incidental small pancreatic mass cases due to widespread use of abdominal cross sectional

imaging and thus an increase in the amount of pancreatic surgery performed. This is the stage

when curative resections may be possible.

1. Surgical removal of the tumor is the only chance of a cure at T1A.

2. All pancreatic tumors at any stage require bulk reduction by a surgical procedure.

For patients undergoing distal pancreatectomy, pancreatic fistulas occurred post-operatively

in 31% of patients. Over the long-term Kazanjian et al analyzed, 182 patients from 1996-2005

who underwent Pancreatoduodenectomy to treat ductal adenocarcinoma, concluded that the

principal factor influencing long-term survival was operative blood loss. Pancreatic fistula

is a main cause of postoperative morbidity, and is associated with numerous further

complications, such as intra-abdominal abscesses, wound infection, sepsis, electrolyte

imbalance, malabsorption, and hemorrhage, and with a dramatically increase in healthcare

resource utilization.

The current state-of-art pancreatic surgical resections have an unacceptable pancreatic leak

rate of 30-50%. This is because there are no FDA cleared or approved sealants or devices

found to be safe or effective for sealing this organ. The current standard of care is

anything but standard because of the use of off-label devices and sealants.

- Endo GIA Staplers: 510 (k) k111825 Cleared on basis of "literature review" without

animal or human safety or efficacy data.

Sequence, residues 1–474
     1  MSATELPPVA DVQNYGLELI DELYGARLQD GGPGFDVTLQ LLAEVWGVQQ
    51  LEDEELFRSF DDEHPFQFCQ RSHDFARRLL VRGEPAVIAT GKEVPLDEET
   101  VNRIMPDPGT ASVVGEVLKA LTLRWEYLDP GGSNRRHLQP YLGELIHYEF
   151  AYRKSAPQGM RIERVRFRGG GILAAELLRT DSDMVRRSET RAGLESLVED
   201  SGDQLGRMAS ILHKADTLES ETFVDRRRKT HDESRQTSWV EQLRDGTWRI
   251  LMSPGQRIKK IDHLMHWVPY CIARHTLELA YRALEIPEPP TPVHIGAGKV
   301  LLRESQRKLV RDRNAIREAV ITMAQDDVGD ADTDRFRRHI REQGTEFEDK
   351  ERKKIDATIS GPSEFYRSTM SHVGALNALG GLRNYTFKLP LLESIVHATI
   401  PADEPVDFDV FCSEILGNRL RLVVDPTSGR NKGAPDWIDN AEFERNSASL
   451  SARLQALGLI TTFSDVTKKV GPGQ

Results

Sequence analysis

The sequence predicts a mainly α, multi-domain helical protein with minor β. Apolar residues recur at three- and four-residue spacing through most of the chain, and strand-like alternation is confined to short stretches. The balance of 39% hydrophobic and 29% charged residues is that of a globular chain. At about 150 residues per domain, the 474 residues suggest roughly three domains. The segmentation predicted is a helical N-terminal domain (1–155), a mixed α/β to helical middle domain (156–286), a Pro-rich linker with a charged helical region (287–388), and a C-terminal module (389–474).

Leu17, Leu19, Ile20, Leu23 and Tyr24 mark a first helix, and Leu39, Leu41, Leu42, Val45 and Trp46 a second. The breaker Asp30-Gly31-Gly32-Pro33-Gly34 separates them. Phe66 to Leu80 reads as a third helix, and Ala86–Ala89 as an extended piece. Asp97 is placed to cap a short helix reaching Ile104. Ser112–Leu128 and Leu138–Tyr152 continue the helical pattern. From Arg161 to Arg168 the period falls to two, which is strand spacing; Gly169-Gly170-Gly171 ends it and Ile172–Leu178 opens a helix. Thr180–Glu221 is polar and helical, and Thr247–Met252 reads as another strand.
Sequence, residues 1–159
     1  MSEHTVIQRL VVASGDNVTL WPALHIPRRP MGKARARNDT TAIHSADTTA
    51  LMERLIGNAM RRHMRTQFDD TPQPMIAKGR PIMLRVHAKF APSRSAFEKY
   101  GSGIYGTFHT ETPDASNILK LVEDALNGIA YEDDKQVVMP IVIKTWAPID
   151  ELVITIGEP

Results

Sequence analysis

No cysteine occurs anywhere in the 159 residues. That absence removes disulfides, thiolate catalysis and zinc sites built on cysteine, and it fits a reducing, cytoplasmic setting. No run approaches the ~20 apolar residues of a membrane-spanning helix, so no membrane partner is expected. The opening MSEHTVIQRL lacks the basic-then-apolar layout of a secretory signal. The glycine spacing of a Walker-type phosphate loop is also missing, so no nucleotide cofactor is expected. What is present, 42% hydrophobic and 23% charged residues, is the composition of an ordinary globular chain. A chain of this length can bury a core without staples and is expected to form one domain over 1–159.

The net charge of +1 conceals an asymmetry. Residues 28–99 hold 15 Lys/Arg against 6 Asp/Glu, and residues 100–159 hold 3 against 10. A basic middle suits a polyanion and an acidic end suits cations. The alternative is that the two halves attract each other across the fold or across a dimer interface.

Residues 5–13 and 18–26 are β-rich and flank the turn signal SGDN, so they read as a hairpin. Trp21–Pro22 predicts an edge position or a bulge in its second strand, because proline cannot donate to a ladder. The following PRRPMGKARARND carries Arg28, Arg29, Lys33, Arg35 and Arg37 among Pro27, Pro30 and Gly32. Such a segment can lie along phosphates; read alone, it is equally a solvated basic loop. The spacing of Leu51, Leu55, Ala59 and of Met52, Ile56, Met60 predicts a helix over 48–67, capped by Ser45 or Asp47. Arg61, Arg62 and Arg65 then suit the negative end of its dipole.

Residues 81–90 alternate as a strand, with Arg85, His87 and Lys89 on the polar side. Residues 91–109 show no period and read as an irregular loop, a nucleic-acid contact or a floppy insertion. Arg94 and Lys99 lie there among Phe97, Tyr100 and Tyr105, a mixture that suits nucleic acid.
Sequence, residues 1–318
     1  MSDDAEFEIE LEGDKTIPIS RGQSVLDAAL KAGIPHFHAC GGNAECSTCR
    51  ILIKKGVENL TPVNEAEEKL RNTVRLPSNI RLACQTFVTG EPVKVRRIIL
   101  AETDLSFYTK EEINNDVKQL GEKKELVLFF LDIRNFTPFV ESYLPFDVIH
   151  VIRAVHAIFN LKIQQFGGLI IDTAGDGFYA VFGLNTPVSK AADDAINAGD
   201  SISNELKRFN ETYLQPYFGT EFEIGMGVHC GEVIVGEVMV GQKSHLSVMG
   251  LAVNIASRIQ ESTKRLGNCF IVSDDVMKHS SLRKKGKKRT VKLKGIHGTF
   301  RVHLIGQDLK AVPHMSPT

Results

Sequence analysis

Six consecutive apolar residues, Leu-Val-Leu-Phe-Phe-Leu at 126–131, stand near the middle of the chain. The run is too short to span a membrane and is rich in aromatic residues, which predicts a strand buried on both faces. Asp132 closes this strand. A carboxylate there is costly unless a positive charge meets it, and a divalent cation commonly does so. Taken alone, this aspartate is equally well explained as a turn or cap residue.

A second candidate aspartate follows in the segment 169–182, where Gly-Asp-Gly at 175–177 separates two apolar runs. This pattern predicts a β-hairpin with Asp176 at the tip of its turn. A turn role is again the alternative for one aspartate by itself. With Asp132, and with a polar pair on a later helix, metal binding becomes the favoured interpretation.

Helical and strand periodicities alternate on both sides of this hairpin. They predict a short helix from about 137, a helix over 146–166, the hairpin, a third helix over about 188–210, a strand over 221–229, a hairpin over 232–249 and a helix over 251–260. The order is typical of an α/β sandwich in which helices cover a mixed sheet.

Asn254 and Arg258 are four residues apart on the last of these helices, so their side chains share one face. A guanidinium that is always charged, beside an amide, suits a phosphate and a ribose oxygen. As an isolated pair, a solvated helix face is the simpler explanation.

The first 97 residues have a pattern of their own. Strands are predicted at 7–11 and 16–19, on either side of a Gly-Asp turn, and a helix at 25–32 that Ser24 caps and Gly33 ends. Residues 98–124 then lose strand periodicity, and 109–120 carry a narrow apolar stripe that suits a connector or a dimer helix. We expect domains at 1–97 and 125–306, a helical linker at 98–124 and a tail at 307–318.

- Gore SeamGuard staple/suture reinforcement material 510 (k) k043056 Synthetic bio

absorbable glycolide and trimethylene carbonate copolymer. Cleared on basis of in-vivo

studies done "without performance standards" under section 514.

- Surgical Sealants: All used "off label": None are FDA cleared or approved for pancreatic

surgery. These are Floseal, TachoSil, Tisseel, BioGlue, and CoSeal.

Jörg Kleeff et al reviewed the factors for surgical failure of distal pancreatectomy in 302

consecutive patients from 1993 to 2006 using four different surgical closures (gut

anastomosis, seromuscular patch, suture and stapling device). Although distal pancreatectomy

is less moribund as compared to Whipple procedure, morbidity was 32-52%, pancreatic fistulas

occurred in 20-33% and mortality in 2% of cases. Pancreatic fistulas contributed

significantly to morbidity, sepsis, length of stay and overall costs. Stapler closure of the

pancreatic remnant is associated with a significantly higher fistula rate.

Laser Tissue Welding is the first combination (laser and biologic) class III surgical device

intended to join and seal tissues accurately and instantly. The treatment process uses

thermal energy created when a laser excites photosensitive dye molecules, to coagulate the

protein albumin which transforms from a liquid to a solid instantly. Laser tissue welding

creates a non-compressive, non-ablative sealing of tissues with microscopic thermal damage.

This combination of a laser with albumin biologics stops bleeding and fluid leaks in

nanoseconds without using sutures, hemostatic clotting factors (platelets/thrombin/fibrin),

thermal or cryoablation.

Trial Phase Phase I

Trial Type Device

Lead Organization
Laser Tissue Welding, Inc.

  • Primary ID Phase I - LTW Pancreas Sealing
  • Secondary IDs NCI-2019-05520, R44CA203052
  • ID NCT03147768